In 1924,1 in a discussion on leukemia cutis, reference was made to the classification and interpretation of diseases of lymphatic origin. At that time, the genetic relationship existing between this large group of clinically divergent dermatoses was pointed out, and the suggestion offered that the multiple clinical pictures associated with true lymphadenoses should be regarded as the variable cutaneous expressions of the lymphoblastomas.
The proper evaluation and classification of the diseases of the lymphatic system remains one of the outstanding problems of modern medicine, as it has been since Virchow's original description of leukemia. In 1902, Breakey,2 while marshalling the factors in favor of the sarcomatous nature of the microscopic observations in case 1 of this series, as opposed to the evidence in support of its being a granuloma, expressed the opinion that "while the study of these dermatoses has been prosecuted with greater vigor than ever within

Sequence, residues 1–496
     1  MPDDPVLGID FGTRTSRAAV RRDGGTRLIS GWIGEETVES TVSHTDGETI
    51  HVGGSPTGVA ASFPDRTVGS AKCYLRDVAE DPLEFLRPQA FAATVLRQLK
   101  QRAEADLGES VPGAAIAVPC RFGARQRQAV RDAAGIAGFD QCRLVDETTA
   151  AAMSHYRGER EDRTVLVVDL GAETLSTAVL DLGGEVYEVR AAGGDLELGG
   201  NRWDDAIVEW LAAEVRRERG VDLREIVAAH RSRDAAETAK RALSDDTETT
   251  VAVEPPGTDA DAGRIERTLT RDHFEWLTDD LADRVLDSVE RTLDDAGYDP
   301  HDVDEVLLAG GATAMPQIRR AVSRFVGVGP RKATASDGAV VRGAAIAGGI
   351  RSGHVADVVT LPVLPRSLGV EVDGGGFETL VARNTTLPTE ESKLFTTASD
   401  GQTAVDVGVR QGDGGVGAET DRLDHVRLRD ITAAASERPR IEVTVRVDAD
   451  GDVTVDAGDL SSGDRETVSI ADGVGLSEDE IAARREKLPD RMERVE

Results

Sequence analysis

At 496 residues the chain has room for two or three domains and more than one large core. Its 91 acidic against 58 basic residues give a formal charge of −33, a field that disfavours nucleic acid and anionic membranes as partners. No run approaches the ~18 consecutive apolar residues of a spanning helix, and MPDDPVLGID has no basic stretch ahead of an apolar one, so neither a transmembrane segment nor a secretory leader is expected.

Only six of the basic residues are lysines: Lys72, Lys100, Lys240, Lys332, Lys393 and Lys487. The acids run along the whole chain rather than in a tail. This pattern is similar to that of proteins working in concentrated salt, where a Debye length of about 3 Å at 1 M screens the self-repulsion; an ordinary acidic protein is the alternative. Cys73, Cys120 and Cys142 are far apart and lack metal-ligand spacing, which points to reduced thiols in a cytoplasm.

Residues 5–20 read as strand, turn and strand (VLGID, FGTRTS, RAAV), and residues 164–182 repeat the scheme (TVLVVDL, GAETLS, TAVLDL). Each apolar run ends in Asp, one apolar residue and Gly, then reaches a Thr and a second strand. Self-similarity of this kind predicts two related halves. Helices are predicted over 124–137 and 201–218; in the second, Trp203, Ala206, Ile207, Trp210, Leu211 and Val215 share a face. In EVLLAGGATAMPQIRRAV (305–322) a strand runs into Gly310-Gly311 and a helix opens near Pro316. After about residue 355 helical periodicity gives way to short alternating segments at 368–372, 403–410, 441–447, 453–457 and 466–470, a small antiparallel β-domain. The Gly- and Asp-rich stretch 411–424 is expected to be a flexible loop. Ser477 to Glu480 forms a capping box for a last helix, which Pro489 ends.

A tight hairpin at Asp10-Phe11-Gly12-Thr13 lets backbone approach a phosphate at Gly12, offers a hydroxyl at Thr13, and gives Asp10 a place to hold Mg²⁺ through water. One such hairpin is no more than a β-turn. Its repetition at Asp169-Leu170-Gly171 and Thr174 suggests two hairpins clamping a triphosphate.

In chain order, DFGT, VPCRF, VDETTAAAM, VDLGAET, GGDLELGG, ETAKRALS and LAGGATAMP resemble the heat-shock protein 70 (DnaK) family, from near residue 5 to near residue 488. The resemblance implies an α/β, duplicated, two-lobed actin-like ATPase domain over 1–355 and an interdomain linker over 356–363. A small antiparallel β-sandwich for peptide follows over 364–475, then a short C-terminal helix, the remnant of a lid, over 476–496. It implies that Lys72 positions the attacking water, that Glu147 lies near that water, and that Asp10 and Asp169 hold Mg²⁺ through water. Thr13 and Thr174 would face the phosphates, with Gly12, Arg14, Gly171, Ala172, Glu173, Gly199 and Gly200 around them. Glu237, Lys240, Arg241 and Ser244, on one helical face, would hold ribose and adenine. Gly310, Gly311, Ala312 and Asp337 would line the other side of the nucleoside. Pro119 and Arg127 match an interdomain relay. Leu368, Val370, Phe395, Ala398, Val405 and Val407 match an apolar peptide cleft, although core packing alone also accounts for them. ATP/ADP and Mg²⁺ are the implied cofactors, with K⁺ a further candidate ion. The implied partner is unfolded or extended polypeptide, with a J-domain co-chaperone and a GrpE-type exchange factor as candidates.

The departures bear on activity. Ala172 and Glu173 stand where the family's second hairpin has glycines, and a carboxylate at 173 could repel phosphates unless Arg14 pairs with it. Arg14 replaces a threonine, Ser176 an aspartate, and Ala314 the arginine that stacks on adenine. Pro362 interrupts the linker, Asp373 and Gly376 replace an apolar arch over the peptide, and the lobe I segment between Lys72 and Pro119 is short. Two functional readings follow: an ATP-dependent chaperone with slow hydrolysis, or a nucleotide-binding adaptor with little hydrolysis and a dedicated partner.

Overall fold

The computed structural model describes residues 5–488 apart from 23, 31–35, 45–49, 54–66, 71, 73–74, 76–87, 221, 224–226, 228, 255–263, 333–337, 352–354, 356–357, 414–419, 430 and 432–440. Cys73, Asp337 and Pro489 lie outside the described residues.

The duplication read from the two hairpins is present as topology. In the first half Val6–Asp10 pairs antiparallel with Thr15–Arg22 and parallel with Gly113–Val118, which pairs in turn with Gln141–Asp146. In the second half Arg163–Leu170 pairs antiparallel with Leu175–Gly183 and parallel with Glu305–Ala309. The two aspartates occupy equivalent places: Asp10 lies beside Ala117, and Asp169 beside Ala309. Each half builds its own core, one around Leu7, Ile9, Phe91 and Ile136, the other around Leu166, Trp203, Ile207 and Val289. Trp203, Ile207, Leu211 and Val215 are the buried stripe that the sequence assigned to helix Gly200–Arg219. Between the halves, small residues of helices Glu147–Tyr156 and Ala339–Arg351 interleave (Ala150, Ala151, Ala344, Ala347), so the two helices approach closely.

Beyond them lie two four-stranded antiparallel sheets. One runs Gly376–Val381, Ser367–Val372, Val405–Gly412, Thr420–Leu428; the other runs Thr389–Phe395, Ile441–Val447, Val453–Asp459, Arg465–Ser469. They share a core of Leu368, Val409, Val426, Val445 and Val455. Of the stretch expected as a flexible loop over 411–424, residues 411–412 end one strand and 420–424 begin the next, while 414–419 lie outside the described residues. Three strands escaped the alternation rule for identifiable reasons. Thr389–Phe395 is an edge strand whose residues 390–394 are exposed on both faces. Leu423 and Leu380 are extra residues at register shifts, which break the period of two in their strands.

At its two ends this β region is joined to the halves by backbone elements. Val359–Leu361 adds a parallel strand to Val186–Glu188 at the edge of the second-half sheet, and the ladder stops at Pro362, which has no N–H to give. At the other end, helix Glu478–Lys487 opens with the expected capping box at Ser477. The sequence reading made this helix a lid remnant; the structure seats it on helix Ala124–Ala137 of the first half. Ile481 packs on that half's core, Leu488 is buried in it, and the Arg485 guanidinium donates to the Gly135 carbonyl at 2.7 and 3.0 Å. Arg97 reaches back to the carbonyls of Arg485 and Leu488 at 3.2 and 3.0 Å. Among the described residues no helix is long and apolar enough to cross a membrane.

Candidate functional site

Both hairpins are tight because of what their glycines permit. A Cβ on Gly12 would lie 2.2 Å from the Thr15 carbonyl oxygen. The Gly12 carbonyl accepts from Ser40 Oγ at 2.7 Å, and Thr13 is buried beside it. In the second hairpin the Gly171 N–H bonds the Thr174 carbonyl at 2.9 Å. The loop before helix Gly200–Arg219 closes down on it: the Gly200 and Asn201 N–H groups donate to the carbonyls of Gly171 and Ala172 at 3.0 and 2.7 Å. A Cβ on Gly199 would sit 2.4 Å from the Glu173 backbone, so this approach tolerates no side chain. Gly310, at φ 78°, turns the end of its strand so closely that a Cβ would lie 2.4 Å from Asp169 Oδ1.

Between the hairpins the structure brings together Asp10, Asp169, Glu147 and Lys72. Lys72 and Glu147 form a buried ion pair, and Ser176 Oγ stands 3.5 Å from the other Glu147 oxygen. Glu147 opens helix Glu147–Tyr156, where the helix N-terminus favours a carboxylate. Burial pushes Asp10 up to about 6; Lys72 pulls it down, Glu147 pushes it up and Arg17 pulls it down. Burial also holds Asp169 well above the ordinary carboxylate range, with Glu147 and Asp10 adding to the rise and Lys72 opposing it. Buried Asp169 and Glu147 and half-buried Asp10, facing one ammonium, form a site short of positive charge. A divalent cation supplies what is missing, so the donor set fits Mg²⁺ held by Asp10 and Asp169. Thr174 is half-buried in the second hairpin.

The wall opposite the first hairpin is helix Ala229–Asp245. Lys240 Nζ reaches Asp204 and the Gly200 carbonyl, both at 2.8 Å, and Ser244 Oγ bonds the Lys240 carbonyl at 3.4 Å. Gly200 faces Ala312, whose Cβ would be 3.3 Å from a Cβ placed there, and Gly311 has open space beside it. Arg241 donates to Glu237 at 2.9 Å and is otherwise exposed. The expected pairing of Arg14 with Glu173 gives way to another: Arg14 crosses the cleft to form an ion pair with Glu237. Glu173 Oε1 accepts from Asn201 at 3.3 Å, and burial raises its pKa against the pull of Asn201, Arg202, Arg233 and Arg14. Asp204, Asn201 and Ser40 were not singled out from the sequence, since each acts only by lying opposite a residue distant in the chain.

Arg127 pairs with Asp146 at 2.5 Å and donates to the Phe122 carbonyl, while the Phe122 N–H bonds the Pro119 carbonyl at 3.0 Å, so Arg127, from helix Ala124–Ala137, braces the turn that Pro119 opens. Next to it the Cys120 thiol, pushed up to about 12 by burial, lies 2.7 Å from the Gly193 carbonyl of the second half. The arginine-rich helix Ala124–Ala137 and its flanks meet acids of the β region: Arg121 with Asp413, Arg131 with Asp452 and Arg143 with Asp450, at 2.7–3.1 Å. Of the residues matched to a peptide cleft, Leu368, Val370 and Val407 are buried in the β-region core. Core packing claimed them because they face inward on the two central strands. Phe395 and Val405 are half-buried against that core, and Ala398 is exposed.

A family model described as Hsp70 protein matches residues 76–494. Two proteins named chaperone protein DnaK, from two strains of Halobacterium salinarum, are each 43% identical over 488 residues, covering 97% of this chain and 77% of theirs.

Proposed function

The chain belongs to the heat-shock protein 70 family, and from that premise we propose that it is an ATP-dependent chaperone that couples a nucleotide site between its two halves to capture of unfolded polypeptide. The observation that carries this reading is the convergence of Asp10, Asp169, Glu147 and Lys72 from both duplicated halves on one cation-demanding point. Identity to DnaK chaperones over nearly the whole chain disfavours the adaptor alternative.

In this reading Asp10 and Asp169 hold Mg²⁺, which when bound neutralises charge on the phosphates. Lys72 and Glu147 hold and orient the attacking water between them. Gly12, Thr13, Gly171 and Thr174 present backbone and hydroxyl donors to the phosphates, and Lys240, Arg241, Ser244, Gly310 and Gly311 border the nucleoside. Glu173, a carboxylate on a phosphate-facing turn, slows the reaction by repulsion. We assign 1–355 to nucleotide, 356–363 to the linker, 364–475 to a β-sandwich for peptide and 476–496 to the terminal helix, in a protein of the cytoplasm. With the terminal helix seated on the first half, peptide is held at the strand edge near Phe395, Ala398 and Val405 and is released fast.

KEIM HL. THE LYMPHOBLASTOMAS: THEIR INTERRELATIONSHIPS. Arch Derm Syphilol. 1929;19(4):533–594. doi:10.1001/archderm.1929.02380220002001
Coronavirus Resource Center
Customize your JAMA Network experience by selecting one or more topics from the list below.